The Bulletproof Cheatsheet to Get Your Website Attracting High-Paying Freelance Clients
Freelance writing is all about marketing.
It’s not about whether or not you have impeccable grammar or you know your oxford commas from your serial commas. It’s not about exceeding deadlines or having a project management system in place. No, it’s not. It’s about having a solid marketing strategy that will get your name out there and have the clients come to you.
This is called inbound marketing and it’s the best type of marketing for you because it doesn’t require any pitching or hustling. And when this happens, you can be choosy about who you want to work with and can demand higher rates.
Your writer website
A great marketing tool you have in your arsenal is your website. Your website can help you easily gain some writing clients quickly. I strongly suggest you buy a URL and hosting and start building your money-making website. I’m not joking — you’re website will make you MONEY. And not just right now, but in the long-term. But you can’t just slap up a website with a free theme and expect emails from prospects to land in your inbox.
It takes time, but not a lot of time. You might’ve heard inbound marketing takes months and months to pan out. Not from me. Within two months of having my website up, I received my first inbound query:
While this didn’t result in a writing gig, it was proof enough for me that what I was doing was working. And I’m all about helping you succeed!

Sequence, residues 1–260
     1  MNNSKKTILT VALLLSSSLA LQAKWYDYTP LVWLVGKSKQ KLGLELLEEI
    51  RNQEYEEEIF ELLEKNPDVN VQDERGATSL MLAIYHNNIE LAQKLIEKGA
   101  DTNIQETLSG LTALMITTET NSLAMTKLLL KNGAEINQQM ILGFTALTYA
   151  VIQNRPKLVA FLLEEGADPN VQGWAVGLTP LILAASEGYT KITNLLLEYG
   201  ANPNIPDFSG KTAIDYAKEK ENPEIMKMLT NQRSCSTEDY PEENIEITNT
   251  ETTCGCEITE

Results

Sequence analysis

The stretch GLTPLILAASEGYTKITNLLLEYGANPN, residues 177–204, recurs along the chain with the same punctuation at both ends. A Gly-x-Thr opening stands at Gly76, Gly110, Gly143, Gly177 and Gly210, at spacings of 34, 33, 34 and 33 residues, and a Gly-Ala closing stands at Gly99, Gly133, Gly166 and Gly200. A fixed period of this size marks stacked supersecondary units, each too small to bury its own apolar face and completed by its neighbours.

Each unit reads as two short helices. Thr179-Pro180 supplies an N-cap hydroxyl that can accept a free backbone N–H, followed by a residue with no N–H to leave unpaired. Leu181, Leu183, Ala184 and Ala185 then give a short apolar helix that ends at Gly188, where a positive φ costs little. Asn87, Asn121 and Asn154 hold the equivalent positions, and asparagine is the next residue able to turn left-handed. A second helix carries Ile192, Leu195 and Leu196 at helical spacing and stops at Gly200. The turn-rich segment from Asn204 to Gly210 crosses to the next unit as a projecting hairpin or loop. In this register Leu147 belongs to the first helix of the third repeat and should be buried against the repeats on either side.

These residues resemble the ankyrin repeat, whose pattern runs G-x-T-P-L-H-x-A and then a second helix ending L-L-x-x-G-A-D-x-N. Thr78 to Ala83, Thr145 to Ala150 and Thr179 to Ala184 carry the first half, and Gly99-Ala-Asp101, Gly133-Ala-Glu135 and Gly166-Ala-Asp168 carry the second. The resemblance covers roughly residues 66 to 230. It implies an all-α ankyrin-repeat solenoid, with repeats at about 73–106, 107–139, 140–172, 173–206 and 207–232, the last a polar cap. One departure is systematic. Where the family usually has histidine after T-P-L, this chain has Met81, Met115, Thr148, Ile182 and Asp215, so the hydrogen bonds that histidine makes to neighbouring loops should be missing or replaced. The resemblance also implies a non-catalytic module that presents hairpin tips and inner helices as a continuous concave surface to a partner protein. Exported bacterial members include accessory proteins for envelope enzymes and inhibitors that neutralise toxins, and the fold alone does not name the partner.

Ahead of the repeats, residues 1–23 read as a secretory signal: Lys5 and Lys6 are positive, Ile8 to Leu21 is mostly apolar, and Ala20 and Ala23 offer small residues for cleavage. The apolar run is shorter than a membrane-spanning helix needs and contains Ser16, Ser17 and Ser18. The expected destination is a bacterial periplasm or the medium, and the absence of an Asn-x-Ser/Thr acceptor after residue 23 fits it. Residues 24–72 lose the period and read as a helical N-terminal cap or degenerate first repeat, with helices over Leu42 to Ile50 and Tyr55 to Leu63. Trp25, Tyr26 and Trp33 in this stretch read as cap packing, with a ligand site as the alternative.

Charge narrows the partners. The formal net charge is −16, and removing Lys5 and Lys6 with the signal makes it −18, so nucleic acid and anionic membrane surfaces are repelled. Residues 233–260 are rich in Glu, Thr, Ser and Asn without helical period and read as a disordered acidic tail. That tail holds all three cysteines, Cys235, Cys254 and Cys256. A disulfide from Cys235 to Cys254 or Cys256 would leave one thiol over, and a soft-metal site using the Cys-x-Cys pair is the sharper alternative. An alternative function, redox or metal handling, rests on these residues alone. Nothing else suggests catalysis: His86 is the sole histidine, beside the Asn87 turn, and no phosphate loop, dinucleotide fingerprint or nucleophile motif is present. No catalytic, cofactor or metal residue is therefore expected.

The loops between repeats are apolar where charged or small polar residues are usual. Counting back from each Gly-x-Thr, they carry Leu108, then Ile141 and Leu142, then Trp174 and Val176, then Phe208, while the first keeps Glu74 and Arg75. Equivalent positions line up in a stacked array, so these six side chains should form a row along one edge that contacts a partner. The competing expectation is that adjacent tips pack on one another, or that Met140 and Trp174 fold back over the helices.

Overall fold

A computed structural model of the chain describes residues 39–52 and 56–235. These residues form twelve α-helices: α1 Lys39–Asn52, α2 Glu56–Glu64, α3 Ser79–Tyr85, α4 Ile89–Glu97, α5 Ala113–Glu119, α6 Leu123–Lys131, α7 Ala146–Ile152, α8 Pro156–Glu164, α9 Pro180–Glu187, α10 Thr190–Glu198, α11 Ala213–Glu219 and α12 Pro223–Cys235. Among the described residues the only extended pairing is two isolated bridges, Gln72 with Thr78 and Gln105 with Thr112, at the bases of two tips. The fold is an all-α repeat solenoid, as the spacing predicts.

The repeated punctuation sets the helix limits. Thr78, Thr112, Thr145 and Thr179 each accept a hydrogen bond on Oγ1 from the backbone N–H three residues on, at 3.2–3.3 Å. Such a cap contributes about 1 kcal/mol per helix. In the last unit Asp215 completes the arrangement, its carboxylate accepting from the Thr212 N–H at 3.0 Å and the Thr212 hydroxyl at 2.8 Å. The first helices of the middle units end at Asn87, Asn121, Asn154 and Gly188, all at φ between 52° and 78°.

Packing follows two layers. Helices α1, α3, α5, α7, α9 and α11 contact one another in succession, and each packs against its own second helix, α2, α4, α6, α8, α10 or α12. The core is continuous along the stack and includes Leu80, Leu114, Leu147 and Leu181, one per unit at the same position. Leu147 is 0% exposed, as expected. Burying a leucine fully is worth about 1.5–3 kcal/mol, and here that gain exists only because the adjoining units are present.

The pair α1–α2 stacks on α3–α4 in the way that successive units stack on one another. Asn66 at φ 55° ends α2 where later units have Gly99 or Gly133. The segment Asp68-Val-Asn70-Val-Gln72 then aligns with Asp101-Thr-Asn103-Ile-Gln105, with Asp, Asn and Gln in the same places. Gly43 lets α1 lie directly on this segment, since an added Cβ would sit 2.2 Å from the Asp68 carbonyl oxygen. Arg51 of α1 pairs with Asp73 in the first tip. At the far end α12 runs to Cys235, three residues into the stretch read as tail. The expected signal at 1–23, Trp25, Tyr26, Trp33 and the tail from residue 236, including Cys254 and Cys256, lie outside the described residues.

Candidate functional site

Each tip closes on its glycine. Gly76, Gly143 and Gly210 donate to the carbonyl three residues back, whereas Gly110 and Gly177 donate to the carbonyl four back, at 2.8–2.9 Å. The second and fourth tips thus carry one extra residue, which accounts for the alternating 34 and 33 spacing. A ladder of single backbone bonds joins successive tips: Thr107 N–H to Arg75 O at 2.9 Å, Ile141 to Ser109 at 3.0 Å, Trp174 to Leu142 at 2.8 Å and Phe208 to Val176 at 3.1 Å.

Attract those high-paying clients
I went through my notes — because I take notes on everything — and found the precise and only elements you need to take your writer website from making dollars to hundreds of dollars. My first “real” freelance writing client — that I pitched and landed — hired me for their content needs because they not only read my effective pitch, but they also saw my website. My first client yielded me $400 for a month’s worth of content.
My bulletproof cheatsheet for a client-magnetizing site
One thing you need to remember about your entire website is it’s all there to sell YOU. How can you help the client? Why are you so special?Having this client-centered focus is the first step to optimizing your website.
You don’t need to be a copywriter to have copy that sells on your website. You just need to know what to target on each page of your site:
Your landing page is what will help a prospect know if you are the right freelancer for them. To ensure this happens do these three things:
- State clearly what you do for the client — “I’m Elna, a B2B writer for Saas businesses. I help businesses get noticed with colorful and innovative content.”
- Indicate an outcome of your services — “Want to give your business a boost with custom content?”
- Use a call-to-action — this can be a link or a button. You can have a CTA that says, “Let’s collaborate,” “contact me,” or “Let’s talk.” Always direct them to hiring you.
Your landing page should be short and to the point. You may put more copy on your page — like I do — but it’s not necessary. I also included listing my services.
Your about page